The AEDP™ Immersion Course

The AEDP Immersion course is a Level I training in AEDP psychotherapy. It is considered the first step toward becoming an AEDP Certified Therapist. Participants learn the theory and practice of AEDP and learn how to apply specific AEDP techniques effectively and intentionally with diverse patient populations.

AEDP Immersion: Theoretical Framework, Clinical Teaching from Videotapes, Experiential Exercises

The Immersion course is an individualized but structured training of AEDP psychotherapy’s rigorous transformational phenomenology and its experiential psychotherapy techniques. During this intensive training, the Institute’s highly credentialed and skilled faculty teach theoretical underpinnings and practical methods for the application of the AEDP model. Participants in the course learn AEDP techniques for working experientially with relatedness and emotional experience including: undoing their patients’ aloneness, dyadically regulating intense emotion, and processing emotional experiences including corrective moments when care, support, affirmation and compassion are emotionally “taken in”. Course participants witness, track, discuss and begin to practice these AEDP hallmark techniques. Case examples are used throughout to demonstrate therapeutic interventions using videotaped sessions of the presenter’s own AEDP work with clients, including making use of many of the videos of AEDP clinical work that are part of APA’s Clinical Videos series. For a half a day on the 4th day of the course –by which time participants have been exposed to ample didactic materials and clinical videotapes illustrating the principles being taught in live clinical action, participants’ new skills are practiced in small group experiential exercises bringing AEDP theory and clinical practice to life: furthermore, these hands-on practice exercises are conducted under the close supervision of certified AEDP therapists and are an important aspect of AEDP’s deliberate practice approach to teaching and training.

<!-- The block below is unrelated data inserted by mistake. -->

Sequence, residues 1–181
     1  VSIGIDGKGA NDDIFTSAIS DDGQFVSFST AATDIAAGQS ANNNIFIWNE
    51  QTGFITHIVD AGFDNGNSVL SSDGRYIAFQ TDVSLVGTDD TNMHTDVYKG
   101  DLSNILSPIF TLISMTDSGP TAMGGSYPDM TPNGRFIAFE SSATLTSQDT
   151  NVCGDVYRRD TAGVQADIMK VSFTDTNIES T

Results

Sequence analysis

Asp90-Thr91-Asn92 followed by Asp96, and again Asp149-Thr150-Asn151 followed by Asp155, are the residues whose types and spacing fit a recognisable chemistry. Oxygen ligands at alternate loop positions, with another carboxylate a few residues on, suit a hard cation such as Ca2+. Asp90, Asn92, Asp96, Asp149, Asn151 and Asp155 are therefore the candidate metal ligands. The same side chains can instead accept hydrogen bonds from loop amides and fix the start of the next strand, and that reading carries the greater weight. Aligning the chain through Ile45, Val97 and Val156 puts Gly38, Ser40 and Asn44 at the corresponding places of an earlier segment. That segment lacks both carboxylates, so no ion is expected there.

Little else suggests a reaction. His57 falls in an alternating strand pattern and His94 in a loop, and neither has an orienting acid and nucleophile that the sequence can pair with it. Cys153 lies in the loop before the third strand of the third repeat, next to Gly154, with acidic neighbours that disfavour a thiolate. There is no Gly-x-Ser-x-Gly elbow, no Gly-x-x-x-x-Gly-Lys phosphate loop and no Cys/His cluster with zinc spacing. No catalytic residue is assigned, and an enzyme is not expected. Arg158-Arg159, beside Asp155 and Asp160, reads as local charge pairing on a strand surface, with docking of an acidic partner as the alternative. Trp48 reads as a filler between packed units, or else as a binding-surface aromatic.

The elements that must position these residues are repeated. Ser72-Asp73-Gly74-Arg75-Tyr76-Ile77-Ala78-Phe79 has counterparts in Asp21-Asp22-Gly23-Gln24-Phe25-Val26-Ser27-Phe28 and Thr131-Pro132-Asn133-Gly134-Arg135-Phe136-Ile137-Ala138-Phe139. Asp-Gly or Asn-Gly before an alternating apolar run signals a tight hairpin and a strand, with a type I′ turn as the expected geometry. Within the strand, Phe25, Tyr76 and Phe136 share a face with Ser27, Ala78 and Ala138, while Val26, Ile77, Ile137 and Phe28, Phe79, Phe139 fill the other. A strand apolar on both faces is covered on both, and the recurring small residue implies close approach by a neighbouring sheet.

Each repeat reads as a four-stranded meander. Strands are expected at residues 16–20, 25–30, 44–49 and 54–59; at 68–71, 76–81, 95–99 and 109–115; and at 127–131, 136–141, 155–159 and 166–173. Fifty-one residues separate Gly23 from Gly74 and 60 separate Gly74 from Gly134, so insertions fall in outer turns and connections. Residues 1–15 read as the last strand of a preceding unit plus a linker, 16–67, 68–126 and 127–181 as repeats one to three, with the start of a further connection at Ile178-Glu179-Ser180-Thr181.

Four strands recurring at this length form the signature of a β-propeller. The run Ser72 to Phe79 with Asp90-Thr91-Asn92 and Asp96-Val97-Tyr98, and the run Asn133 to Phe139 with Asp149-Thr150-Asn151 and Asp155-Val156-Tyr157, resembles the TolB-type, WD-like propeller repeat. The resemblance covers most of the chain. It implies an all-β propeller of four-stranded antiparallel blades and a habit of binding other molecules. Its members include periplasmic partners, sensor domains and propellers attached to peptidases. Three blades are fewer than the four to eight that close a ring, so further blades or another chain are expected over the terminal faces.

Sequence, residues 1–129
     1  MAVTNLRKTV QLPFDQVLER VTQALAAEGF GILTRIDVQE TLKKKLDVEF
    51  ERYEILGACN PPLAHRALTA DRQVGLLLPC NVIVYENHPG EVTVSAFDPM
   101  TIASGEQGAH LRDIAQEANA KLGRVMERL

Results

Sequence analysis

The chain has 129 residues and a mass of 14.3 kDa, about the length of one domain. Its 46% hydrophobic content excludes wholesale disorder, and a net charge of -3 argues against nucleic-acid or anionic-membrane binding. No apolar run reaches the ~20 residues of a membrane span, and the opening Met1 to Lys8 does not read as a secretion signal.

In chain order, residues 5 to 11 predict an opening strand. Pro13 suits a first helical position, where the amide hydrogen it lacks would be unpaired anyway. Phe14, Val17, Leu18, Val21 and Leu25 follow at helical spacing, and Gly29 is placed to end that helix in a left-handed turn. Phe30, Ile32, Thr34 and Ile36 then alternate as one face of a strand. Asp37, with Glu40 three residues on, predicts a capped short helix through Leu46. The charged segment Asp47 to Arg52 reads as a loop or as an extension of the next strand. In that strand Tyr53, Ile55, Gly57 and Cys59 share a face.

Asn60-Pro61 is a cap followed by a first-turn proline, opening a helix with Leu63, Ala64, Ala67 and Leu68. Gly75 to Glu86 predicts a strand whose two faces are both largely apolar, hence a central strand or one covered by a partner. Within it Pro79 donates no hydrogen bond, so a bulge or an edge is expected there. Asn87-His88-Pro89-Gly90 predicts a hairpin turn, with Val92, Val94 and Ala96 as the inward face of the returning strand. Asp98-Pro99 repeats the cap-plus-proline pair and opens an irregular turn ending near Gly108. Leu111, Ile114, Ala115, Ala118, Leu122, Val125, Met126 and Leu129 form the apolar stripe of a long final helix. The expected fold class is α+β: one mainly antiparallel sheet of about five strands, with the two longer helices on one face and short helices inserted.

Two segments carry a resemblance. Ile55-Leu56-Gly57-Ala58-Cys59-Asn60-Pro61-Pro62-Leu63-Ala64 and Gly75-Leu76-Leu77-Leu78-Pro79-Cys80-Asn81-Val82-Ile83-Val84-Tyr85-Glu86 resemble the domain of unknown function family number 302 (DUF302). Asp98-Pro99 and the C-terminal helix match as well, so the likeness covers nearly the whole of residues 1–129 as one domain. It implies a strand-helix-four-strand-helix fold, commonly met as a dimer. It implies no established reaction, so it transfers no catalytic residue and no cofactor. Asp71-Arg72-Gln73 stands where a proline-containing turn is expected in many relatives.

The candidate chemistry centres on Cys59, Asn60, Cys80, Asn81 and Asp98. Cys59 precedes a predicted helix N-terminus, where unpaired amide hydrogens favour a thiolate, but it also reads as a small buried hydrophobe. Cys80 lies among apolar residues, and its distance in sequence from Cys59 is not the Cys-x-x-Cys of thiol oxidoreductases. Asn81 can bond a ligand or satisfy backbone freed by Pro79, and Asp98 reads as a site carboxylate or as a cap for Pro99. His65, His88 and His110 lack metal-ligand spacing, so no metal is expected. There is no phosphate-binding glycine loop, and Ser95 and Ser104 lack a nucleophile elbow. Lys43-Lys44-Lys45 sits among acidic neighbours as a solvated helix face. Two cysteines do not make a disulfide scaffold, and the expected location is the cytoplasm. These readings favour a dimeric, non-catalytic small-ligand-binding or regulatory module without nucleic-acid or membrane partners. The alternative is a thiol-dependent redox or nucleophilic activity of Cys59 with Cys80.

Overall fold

• Introduction to AEDP: AEDP as a transformational, healing oriented model of therapy.
  • Transformance (i.e., AEDP’s term for the innate, wired in drive to heal) vs resistance as motivational constructs in AEDP.
  • Present empirical evidence showing the transdiagnostic effectiveness of AEDP to both significantly diminish negative symptoms of psychopathology, e.g., depression, maladaptive cognitions, and enhance positive aspects of functioning, e.g., self-compassion, and self-esteem.
  • Present empirical evidence showing the long-term effectiveness of AEDP and the maintenance of therapeutic gains (significantly diminishing negative symptoms of psychopathology, e.g., depression, maladaptive cognitions, and significantly enhancing positive aspects of functioning, e.g., self-compassion, and self-esteem) at one year.
  • The AEDP Road Map: The phenomenology of the four state transformational process.
  • The Triangle of Experience: Using the Triangle of Experience to guide AEDP work with defenses, inhibitory affect and other obstacles to emotion processing.
  • The Triangle of Experience: Using the Triangle of Experience to map patients’ emotion regulation strategies in AEDP clinical work.